ITALIAN DECORATION IDEAS : ITALIAN DECORATION

Italian Decoration Ideas : Special Event Decorating.

Italian Decoration Ideas


italian decoration ideas
    decoration
  • something used to beautify
  • the act of decorating something (in the hope of making it more attractive)
  • Ornamentation
  • A thing that serves as an ornament
  • an award for winning a championship or commemorating some other event
  • The process or art of decorating or adorning something
    italian
  • Of or relating to Italy, its people, or their language
  • of or pertaining to or characteristic of Italy or its people or culture or language; "Italian cooking"
  • a native or inhabitant of Italy
  • the Romance language spoken in Italy
    ideas
  • A concept or mental impression
  • A thought or suggestion as to a possible course of action
  • (idea) mind: your intention; what you intend to do; "he had in mind to see his old teacher"; "the idea of the game is to capture all the pieces"
  • An opinion or belief
  • (idea) the content of cognition; the main thing you are thinking about; "it was not a good idea"; "the thought never entered my mind"
  • (idea) a personal view; "he has an idea that we don't like him"
italian decoration ideas - Bringing Tuscany
Bringing Tuscany Home: Sensuous Style From the Heart of Italy
Bringing Tuscany Home: Sensuous Style From the Heart of Italy
I always imagine each of the signoras who lived in this house—where she shelled peas, rocked the grandchild, placed a vase of the pink roses. Now I would like to take one of these women back to my house in California to show her how Bramasole traveled to America and took root, how the doors there are open to the breeze from San Pablo bay and to the distant view of Mount Tamalpais, how the table has expanded and the garden has burgeoned…


The “bard of Tuscany” (New York Times) now offers a lavishly illustrated book for everyone who dreams of integrating the Tuscan lifestyle—from home decoration and cooking, to eating and drinking, to gardening, socializing, and celebrating—into their own lives.

When Frances Mayes fell in love with Tuscany and Bramasole, millions of readers basked in the experience through her three bestselling memoirs. Now Frances and her husband, In Tuscany coauthor Edward, share the essence of Tuscan life as they have lived it, with specific ideas and inspiration for readers stateside to bring the beauty and spirit of Tuscany into their own home decor, meals, gardens, entertaining and, most important, outlook on life. In her inimitable warm and evocative tone, Frances helps readers develop an eye for authentic Tuscan style, with advice on how to:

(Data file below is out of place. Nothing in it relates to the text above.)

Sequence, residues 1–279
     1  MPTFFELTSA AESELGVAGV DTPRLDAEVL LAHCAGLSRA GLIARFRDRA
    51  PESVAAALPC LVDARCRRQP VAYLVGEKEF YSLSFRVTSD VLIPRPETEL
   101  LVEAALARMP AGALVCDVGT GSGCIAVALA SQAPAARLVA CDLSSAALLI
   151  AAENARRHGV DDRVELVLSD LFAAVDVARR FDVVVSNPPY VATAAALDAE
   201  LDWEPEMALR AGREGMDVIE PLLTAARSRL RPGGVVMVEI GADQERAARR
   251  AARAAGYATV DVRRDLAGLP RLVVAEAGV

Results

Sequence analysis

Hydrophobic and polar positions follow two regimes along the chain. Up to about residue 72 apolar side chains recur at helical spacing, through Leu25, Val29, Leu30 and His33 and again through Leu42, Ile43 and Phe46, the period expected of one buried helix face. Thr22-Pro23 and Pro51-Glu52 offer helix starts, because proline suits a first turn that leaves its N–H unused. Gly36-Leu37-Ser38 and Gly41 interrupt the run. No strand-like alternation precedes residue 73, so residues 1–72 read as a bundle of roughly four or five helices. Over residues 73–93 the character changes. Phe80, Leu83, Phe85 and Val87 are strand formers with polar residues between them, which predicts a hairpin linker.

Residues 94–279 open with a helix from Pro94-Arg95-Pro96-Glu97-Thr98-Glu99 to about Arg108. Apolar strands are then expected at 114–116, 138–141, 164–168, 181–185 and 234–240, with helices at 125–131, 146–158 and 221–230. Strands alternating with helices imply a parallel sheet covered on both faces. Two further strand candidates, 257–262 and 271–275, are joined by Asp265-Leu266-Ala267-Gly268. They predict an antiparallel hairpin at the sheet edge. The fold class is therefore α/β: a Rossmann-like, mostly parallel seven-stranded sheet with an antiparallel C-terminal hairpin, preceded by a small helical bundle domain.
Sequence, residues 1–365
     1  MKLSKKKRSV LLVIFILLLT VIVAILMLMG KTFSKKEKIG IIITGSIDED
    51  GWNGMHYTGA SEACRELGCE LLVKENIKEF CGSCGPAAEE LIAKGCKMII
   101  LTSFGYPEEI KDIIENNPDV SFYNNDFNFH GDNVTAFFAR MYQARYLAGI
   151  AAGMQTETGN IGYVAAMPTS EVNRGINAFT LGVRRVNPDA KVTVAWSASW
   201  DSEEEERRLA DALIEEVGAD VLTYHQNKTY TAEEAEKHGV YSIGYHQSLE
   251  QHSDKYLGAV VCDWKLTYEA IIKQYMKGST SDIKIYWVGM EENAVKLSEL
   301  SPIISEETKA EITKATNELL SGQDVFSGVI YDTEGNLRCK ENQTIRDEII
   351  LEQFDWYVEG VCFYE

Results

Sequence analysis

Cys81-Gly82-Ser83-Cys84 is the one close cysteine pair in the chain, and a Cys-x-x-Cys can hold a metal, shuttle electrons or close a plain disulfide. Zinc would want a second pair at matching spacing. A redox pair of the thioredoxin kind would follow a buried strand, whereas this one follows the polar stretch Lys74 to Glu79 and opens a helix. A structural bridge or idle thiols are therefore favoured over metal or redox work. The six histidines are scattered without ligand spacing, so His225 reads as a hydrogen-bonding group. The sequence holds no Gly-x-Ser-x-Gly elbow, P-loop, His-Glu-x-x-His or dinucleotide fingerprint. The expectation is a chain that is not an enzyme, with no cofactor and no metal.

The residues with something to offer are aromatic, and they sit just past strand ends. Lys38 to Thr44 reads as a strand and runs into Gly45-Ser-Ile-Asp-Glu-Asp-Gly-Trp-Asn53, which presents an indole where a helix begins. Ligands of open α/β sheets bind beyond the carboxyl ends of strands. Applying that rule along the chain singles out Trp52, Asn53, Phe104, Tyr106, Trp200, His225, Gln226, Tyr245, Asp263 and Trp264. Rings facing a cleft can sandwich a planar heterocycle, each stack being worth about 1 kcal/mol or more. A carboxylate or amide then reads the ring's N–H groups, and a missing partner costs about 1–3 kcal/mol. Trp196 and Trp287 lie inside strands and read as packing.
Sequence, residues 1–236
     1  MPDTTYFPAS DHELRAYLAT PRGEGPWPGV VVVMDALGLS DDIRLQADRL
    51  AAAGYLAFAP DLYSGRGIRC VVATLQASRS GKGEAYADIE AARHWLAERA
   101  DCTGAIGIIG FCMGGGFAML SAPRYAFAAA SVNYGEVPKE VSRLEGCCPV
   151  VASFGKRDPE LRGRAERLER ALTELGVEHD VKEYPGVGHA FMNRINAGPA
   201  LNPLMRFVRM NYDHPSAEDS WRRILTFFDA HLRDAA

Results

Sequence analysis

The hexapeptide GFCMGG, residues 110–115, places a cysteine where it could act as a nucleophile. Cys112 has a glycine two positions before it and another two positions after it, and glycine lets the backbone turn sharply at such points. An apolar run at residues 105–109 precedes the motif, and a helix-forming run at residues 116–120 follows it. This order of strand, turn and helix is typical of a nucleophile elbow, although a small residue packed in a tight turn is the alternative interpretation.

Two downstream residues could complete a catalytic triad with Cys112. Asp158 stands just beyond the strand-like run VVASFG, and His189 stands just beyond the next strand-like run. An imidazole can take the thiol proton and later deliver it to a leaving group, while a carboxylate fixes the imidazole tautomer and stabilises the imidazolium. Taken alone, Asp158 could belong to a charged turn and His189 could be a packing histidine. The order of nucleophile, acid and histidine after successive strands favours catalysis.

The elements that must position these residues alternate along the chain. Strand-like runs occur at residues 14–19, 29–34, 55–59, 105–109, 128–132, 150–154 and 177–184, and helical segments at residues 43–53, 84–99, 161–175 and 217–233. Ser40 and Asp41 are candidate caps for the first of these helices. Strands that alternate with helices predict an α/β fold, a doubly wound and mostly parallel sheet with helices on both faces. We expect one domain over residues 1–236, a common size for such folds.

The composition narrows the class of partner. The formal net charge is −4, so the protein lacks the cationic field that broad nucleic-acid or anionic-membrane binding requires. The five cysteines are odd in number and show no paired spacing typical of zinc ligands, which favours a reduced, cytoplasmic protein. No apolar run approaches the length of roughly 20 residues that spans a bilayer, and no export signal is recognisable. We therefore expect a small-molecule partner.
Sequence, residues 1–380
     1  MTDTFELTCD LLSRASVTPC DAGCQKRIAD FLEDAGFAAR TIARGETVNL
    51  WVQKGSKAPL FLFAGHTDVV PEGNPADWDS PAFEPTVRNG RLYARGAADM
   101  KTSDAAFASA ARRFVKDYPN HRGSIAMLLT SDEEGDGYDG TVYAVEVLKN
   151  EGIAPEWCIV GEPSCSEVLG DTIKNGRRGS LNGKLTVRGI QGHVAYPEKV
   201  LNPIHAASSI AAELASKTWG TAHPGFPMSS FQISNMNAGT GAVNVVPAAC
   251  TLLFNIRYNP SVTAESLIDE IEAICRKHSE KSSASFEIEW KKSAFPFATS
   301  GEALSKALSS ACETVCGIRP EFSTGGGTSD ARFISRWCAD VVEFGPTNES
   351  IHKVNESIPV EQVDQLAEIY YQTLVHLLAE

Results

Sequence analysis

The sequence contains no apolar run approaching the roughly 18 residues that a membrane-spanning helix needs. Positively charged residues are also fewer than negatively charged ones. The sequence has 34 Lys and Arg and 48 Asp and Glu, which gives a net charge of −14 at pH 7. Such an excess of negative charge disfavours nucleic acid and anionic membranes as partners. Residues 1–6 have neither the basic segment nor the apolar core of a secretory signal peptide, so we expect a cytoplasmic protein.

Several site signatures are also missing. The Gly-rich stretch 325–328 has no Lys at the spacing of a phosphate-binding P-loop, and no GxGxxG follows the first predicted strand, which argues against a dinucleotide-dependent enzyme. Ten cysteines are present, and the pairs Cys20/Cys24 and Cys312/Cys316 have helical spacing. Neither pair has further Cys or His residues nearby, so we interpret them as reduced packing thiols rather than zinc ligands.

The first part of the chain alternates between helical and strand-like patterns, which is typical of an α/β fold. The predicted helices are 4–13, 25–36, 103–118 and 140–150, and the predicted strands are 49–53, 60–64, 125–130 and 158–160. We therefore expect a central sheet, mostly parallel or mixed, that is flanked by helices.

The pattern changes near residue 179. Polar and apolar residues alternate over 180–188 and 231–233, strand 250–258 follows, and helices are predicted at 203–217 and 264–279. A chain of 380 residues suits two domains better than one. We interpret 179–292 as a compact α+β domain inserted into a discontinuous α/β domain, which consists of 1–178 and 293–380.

• Choose a Tuscan color palette for the home, from earthy apricot tones to invigorating shades of antique blue.

• Personalize a room with fanciful door frames, unique painted furniture, and fresco murals.

• Cultivate a Tuscan garden, adding fountains, vine-covered pergolas, and terra-cotta urns among the herbs and flowers

• Select the best Italian vino. (Frances describes lunches at regional vineyards and imparts tips for pairing food and wine.)

• Create an atmosphere of irresistible, anytime hospitality—a casa aperta (open home).

• Make primo finds at local antiques markets. (And to help truly bring Tuscany home, shipping advice and market days for several Tuscan towns are included.)

• Set an imaginative Tuscan table using majolica and vintage linens.

• Enjoy the abundant flavors and easy simplicity of the Tuscan kitchen, with details on everything from olive oil and vino santo to pici and gnocchi, plus special homegrown menus and recipes.

• Make the most of a trip to Tuscany, visiting Frances’s favorite hill towns, restaurants, small museums, and other soothing places.


With more than 100 photos by acclaimed photographer Steven Rothfeld (including several of the Mayes’s California home and its Tuscan accents), twenty-five all-new recipes, and lists of resources for travelers and shoppers, Bringing Tuscany Home is a treasure trove of practical advice and memorable images.

80% (14)
Fontana, Lucio (1899-1968) - 1966 Spatial Concept, Expectations (Christie's London, 2008)
Fontana, Lucio (1899-1968) - 1966 Spatial Concept, Expectations (Christie's London, 2008)